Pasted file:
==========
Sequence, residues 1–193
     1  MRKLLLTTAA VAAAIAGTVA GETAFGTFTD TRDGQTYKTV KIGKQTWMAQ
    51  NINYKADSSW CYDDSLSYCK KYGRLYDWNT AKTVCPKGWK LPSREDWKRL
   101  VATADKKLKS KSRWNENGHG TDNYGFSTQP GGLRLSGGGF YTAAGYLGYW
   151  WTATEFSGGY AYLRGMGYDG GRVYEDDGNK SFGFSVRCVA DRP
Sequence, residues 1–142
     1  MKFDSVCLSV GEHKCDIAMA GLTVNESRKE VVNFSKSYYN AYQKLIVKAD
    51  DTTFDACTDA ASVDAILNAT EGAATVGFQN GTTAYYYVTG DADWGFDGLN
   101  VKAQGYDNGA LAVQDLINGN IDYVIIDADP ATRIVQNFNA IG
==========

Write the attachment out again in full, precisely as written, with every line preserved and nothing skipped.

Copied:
Sequence, residues 1–193
     1  MRKLLLTTAA VAAAIAGTVA GETAFGTFTD TRDGQTYKTV KIGKQTWMAQ
    51  NINYKADSSW CYDDSLSYCK KYGRLYDWNT AKTVCPKGWK LPSREDWKRL
   101  VATADKKLKS KSRWNENGHG TDNYGFSTQP GGLRLSGGGF YTAAGYLGYW
   151  WTATEFSGGY AYLRGMGYDG GRVYEDDGNK SFGFSVRCVA DRP
Sequence, residues 1–142
     1  MKFDSVCLSV GEHKCDIAMA GLTVNESRKE VVNFSKSYYN AYQKLIVKAD
    51  DTTFDACTDA ASVDAILNAT EGAATVGFQN GTTAYYYVTG DADWGFDGLN
   101  VKAQGYDNGA LAVQDLINGN IDYVIIDADP ATRIVQNFNA IG